The assumption behind this proposed change is that openness and access to identifying information is in the child's best interest. The validity of that assumption has been challenged however (Frith, 2001; Pennings, 1997), and further empirical research on this issue seems called for. Empirical evidence should also be brought to bear on the question of the appropriate age at which children ought to be informed that they were born by a surrogate.

Position (v) states, in effect, that if surrogacy is to be sought beyond borders, its practice must be consistent with the principles set forth in domestic regulation. This may be seen as reflecting Apngi's intentions, because in its commentary on the parliamentary resolution of 2012, Al^ingi's welfare committee stated that 'if surrogacy is publicly prohibited, it is very likely that people will turn abroad or seek other questionable means' (Doc. 4 case 4 /140, 2012; p. 11). However, it is very difficult to predict how, if enacted, this proposal would affect cross-border surrogacy. On the one hand, experience from the UK suggests that legalizing altruistic surrogacy domestically may perhaps increase cross-border demand for commercial surrogacy by normalizing the practice (Crawshaw et al., 2012). On the other hand, recent comprehensive data-gathering in the UK suggests that this impending boom in cross-border demand may be one of the pervasive myths about surrogacy (Horsey et al., 2015). However these trends lie, it is safe to say that most cross-border surrogacy is commercial and it is therefore likely that if the proposal becomes law, there will be cases where the Committee on Surrogacy refuses to confirm parental status of children born by surrogates abroad. It seems likely that such cases would then be brought to court. In recent decisions by European courts, foreign decisions on filiation have been confirmed based on the child's rights and interests despite conflict with domestic law (Mennesson v. France, 2014; Skatteverket v. Brannstrom and Nyberg, 2014). It seems possible, therefore, that legalizing narrowly circumscribed surrogacy in Iceland will have the unintended effect of opening the door to cross-border surrogacy that does not satisfy domestic regulations. As already mentioned, this possibility became one of the arguments levelled against the proposal in autumn 2015.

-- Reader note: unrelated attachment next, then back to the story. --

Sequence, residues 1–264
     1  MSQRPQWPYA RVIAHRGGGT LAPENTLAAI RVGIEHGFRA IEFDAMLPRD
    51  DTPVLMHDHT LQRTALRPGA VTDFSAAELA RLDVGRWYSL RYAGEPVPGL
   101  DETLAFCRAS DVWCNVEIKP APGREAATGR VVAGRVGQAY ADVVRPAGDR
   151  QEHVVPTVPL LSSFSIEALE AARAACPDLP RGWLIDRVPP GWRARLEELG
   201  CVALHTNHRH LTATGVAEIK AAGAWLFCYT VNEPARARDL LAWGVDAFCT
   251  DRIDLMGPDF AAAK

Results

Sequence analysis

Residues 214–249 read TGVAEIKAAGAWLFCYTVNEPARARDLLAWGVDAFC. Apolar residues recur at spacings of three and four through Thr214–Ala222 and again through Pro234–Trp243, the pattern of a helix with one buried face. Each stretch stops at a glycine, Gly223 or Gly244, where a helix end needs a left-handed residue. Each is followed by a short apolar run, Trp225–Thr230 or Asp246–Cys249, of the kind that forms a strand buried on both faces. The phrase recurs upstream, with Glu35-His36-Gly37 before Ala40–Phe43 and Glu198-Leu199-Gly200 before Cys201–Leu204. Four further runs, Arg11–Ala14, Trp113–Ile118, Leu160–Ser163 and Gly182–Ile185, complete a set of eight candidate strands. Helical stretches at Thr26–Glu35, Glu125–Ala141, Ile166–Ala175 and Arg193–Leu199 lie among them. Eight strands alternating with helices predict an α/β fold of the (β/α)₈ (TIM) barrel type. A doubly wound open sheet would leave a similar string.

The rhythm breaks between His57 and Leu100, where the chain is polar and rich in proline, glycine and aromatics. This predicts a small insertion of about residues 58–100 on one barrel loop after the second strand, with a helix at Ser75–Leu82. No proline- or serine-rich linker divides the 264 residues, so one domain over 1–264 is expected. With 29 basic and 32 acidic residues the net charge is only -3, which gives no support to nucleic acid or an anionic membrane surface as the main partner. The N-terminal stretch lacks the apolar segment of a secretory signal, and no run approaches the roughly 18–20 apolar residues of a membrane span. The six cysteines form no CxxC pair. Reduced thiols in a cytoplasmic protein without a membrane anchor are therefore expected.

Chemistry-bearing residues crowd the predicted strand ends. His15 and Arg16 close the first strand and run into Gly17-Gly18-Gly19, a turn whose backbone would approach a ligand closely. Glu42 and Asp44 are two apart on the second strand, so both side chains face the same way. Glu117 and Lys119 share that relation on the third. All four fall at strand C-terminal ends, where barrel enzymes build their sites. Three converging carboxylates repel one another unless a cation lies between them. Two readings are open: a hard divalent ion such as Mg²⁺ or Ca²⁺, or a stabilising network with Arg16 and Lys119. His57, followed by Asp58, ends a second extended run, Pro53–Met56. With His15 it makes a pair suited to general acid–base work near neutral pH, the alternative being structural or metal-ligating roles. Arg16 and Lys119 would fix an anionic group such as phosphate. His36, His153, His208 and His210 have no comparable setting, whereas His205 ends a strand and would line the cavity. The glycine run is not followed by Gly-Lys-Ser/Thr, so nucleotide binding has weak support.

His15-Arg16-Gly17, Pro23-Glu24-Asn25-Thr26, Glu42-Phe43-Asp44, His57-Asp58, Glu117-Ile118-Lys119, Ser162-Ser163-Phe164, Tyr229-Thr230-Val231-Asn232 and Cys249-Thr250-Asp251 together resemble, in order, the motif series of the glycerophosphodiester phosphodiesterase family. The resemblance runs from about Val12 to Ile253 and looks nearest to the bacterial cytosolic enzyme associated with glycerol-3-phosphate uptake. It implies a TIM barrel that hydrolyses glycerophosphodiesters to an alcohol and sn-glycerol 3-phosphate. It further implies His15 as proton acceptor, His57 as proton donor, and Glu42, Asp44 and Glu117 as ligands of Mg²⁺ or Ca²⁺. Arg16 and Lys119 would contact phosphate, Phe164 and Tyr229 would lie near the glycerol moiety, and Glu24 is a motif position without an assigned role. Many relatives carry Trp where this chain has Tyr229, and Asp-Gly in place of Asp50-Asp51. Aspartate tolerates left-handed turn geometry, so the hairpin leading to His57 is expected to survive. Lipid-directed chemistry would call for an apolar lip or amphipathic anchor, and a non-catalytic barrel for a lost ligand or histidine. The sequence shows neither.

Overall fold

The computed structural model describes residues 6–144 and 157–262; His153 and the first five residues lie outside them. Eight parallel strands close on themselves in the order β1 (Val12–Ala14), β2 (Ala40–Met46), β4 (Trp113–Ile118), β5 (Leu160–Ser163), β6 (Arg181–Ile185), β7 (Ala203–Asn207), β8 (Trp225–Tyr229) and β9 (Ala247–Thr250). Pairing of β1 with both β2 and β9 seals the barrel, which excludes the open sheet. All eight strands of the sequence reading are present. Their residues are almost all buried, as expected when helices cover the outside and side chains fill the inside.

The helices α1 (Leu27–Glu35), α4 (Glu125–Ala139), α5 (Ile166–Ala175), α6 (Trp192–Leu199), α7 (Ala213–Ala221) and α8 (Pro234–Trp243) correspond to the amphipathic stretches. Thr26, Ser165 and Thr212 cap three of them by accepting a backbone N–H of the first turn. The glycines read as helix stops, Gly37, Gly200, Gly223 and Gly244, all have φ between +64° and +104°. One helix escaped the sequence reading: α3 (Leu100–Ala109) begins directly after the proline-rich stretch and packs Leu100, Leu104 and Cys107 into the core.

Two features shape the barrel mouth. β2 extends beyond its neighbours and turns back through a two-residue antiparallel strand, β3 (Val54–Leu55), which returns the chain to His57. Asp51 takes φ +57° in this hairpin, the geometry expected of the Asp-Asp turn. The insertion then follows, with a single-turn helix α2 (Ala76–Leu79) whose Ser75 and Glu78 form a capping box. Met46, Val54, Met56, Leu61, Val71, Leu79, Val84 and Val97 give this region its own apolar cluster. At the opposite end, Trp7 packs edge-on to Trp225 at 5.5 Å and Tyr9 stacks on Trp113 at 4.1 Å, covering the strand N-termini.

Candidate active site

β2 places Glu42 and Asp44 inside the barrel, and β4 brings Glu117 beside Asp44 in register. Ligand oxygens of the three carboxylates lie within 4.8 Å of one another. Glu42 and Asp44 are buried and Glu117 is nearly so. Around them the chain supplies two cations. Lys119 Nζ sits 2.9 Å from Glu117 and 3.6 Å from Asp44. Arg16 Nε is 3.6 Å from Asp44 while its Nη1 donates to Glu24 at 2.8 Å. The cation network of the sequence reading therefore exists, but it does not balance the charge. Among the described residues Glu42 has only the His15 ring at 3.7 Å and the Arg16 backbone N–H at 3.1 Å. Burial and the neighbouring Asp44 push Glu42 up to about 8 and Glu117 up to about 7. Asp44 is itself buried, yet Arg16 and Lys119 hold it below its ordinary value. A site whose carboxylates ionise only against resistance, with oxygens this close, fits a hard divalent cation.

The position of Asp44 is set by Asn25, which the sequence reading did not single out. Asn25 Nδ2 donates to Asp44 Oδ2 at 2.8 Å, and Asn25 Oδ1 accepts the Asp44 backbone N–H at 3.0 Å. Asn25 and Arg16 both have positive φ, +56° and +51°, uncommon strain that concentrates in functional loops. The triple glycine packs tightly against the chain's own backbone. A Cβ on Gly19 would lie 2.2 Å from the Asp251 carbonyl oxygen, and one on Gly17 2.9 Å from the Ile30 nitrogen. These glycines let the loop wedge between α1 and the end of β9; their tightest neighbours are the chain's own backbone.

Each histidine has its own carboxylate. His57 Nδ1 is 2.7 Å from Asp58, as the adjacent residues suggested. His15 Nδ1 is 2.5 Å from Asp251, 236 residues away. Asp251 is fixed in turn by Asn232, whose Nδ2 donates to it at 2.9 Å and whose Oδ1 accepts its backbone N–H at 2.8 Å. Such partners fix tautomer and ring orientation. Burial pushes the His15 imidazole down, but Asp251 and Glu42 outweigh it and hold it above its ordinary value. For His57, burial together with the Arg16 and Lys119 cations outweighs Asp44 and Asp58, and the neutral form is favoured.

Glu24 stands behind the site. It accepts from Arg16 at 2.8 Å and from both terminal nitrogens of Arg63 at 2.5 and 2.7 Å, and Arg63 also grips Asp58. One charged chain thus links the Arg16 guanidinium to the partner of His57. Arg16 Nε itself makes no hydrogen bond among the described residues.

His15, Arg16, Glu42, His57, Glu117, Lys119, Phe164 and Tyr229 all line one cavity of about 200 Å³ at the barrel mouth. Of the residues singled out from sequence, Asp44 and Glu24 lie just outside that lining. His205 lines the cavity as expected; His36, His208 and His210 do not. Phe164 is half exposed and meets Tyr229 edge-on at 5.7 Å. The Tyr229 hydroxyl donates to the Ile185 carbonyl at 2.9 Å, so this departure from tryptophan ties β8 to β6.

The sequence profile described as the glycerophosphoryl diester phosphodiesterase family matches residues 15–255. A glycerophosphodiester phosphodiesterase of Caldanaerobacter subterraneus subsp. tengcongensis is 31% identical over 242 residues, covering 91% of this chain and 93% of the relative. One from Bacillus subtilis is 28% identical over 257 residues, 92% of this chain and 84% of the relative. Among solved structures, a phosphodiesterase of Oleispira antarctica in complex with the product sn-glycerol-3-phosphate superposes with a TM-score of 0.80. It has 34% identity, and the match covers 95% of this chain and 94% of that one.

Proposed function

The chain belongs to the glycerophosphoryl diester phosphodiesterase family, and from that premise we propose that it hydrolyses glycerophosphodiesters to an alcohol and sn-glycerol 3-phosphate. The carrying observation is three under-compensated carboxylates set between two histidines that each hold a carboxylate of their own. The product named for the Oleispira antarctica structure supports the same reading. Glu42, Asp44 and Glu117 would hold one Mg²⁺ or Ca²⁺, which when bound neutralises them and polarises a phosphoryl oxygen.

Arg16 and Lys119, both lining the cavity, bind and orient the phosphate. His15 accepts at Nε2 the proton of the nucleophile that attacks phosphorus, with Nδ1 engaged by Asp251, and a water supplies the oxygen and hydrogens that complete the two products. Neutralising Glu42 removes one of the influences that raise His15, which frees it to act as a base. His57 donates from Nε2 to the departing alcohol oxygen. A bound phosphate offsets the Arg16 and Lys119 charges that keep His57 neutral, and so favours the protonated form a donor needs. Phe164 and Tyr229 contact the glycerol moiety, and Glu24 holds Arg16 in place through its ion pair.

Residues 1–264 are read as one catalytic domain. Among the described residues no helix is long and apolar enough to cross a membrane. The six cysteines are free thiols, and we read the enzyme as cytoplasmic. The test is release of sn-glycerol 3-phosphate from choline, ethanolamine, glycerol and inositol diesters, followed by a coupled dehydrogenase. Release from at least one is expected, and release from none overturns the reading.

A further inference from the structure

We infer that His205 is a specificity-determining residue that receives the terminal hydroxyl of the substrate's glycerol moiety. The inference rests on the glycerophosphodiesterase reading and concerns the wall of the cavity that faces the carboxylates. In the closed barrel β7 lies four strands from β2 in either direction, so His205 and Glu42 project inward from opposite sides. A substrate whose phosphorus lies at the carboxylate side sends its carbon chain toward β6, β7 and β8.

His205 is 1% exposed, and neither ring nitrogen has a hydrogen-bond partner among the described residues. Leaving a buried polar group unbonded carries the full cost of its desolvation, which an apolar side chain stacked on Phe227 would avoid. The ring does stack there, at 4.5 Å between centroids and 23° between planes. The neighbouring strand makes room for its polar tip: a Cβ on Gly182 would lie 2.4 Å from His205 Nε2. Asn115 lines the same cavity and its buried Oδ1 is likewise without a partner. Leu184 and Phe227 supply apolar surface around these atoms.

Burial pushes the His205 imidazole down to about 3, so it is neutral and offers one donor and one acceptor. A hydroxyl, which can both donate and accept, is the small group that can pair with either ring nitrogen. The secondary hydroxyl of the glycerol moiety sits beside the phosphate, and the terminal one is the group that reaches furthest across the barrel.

Should the ban on IVF-surrogacy be removed?

Should the Icelandic parliament, Al^ingi, pass this legislation? More fundamentally, should it pass any legislation that would legalize and regulate surrogacy, or should it instead maintain the current ban on all forms of assisted reproductive technology-surrogacy? In effect, Al^ingi has already answered this latter question in the affirmative, by passing the parliamentary resolution in 2012, on the basis of which the government appointed a working group for drafting the legislative proposal permitting altruistic surrogacy, subject

to strict regulation. What made legislators think this was a good idea?

Although political ideology may play a role, it is hardly the determining factor. Based on public speeches and other evident involvement, supporters in parliament generally seem more likely to be on the right wing of the Icelandic political spectrum (The Independence Party and the Progressive Party) and critics on the left wing (The Left-Green Alliance and the Social Democratic Party). Citizens who support the latter two parties are also less likely to endorse legalization than supporters of the former two (Maskina, 2016), but this difference has increased significantly since 2011 (Market and Media Research, 2011). The most significant political arguments against legalization have been feminist concerns about objectification of women's bodies and lack of genuine autonomy in the absence of full gender equality. Yet, the 2012 resolution was supported by representatives from the whole political spectrum, and political ideology seems to have played only a partial role in parliamentary or public debates about surrogacy in Iceland so far. Instead, surrogacy has been framed as a moral issue, albeit without any overt religious overtones. Supporters of legalizing surrogacy have typically referred to the plight of childless couples and the free choice of would-be surrogates. Opponents have typically used a language of caution in light of the imperative to protect children's rights and well-being in the context of uncertainty about possible outcomes, accompanied by awareness that powerful emotions and untested social forms are involved in surrogacy arrangements. In this way, surrogacy has been framed as an innovative co-operative scheme, entered into for a highly beneficial purpose, while also carrying risks of serious disappointment, harm and even exploitation.